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When reviewing Infersent's architecture here, I noticed that, after encoding the premise and hypothesis to obtain two vectors u and v, they feed the set of fully connected layers with:

  1. (u, v) the concatenation between u and v,
  2. u * v the element-wise product,
  3. |u - v| the absolute element-wise difference

While I can somewhat get a feel for why points 1 and 3 were used, I do not really understand how an element-wise product can help in this case.

My intuition for 1 and 3 is the following:

  • Point 1 was used because it makes sense to feed the actual encodings of the two sentences
  • The element-wise difference gives a sense of the similarity between the two sentence encodings

Does anyone know, why the element-wise product would help?

PS: A picture of the infersent architecture can be found below (extracted from the paper).

enter image description here

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    $\begingroup$ Could you make it more clear what exactly are you referring to? Maybe you could post the exact formulas? $\endgroup$ – Tim Jan 7 '19 at 8:47
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    $\begingroup$ @Tim I added a graph showing the actual architecture $\endgroup$ – ryuzakinho Jan 7 '19 at 8:59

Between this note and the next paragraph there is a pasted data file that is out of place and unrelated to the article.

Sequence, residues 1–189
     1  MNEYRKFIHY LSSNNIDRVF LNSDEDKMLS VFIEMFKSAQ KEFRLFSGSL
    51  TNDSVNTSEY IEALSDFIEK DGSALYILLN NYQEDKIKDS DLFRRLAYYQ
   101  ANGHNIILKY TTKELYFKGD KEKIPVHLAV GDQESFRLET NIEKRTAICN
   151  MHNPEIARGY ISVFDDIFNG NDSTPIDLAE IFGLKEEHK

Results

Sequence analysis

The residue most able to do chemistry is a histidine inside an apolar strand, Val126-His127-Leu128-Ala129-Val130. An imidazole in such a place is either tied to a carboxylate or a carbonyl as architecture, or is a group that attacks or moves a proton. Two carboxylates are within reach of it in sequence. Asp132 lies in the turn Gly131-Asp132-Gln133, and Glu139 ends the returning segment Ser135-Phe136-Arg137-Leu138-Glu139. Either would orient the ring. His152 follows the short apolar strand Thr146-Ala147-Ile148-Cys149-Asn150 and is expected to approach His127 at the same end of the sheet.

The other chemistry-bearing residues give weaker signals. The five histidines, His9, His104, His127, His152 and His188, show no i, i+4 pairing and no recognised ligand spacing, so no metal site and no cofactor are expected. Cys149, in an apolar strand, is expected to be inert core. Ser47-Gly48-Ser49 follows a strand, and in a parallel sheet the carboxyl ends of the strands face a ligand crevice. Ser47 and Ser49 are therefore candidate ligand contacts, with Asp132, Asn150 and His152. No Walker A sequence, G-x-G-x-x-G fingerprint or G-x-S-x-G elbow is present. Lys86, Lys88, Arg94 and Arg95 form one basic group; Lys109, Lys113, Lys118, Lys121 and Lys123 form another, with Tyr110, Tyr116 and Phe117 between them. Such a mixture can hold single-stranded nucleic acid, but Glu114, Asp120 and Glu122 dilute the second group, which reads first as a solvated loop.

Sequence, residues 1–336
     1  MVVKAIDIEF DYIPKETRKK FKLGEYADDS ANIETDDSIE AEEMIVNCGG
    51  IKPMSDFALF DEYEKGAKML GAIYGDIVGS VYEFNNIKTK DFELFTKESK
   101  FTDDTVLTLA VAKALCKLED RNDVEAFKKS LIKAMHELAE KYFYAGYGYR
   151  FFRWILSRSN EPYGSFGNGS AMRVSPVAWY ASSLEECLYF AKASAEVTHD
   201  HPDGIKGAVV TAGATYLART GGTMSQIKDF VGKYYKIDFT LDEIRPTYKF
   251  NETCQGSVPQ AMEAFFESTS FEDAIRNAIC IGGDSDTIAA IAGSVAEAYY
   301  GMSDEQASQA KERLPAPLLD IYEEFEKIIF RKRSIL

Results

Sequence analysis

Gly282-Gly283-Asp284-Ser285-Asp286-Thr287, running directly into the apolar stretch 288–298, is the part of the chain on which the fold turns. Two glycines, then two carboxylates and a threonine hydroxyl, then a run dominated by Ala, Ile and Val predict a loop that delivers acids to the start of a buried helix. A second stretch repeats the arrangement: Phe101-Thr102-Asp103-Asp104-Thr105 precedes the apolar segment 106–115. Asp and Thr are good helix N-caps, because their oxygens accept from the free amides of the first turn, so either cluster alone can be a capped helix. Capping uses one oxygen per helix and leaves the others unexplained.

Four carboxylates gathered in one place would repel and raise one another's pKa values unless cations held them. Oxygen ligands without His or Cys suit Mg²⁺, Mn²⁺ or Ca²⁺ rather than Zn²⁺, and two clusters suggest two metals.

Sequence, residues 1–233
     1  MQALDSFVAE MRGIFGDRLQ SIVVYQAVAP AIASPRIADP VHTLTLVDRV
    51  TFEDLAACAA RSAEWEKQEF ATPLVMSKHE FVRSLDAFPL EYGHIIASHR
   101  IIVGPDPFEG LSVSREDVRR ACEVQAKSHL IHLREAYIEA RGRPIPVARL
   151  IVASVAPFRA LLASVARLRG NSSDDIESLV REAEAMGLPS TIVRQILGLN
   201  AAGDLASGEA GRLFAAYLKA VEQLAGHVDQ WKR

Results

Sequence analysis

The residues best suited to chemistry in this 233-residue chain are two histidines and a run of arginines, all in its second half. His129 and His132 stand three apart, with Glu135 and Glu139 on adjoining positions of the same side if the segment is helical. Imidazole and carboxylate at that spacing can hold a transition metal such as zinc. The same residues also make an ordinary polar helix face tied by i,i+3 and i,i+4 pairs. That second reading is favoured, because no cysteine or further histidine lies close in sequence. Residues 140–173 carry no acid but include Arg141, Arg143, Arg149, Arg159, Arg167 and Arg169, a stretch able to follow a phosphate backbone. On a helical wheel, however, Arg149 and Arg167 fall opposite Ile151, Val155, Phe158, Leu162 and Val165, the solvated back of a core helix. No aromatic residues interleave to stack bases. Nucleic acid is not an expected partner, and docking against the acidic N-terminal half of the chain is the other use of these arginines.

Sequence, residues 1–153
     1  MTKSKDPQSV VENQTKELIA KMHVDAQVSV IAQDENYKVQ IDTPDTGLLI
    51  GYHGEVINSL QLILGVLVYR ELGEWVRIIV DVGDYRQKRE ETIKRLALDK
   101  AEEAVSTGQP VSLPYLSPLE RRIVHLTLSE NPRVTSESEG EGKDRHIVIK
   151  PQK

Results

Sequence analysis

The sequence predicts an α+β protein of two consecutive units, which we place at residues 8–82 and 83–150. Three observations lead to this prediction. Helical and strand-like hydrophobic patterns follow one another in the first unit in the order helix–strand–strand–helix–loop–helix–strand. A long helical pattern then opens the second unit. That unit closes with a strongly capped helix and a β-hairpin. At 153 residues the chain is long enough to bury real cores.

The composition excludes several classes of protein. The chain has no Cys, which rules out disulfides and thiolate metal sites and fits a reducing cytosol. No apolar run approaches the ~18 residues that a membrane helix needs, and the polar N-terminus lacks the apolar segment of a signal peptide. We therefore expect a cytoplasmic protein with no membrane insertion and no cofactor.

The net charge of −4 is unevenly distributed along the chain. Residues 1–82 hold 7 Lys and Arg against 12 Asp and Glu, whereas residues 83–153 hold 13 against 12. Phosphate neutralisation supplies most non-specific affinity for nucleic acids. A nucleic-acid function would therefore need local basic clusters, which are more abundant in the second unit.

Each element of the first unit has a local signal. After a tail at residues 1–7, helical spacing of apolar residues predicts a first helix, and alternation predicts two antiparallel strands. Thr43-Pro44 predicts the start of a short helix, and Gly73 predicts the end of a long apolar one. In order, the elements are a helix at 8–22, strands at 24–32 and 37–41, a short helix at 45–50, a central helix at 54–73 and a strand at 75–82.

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First of all, many tricks in deep learning are used because they were "proved to work", with post factum theoretical rationalizations. So in many cases the "why" questions can be only answered in terms of "why do we think that this worked", rather then any deeper rationale behind it.

In this case, the network encodes both sentences using same encoder, obtaining two vector representations $u$, $v$ for two sentences. They are feed into fully-connected network as features:

  • with concatenation $(u, v)$, they take both vectors as-is, so the representation of each sentence is a feature,
  • with absolute difference $|u-v|$, they look at magnitude of differences between "features" (elements) of each vector, e.g. say that $i$-th element recognizes that sentence is a question, so $|u_i - v_i|$ is how much both sentences differ in terms of being a question or not,
  • element-wise product $u*v$, is basically an interaction term, this can catch similarities between values (big * big = bigger; small * small = smaller), or the discrepancies (negative * positive = negative) (see example here).

This is a feature engineering build-in the architecture of the network. It is a kind of thing that may not exactly be needed and could be figured out on it's own by a big enough network, but may speed up and simplify the computation. Same with choice of the aggregating functions, in other cases, different combination of them may work better, so you could experiment with them as well.

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  • $\begingroup$ Thanks for the clear explanation and useful links. The fact that many of the "tricks" used can only be explained à posteriori can be frustrating. Especially for someone starting in the field. $\endgroup$ – ryuzakinho Jan 7 '19 at 12:23

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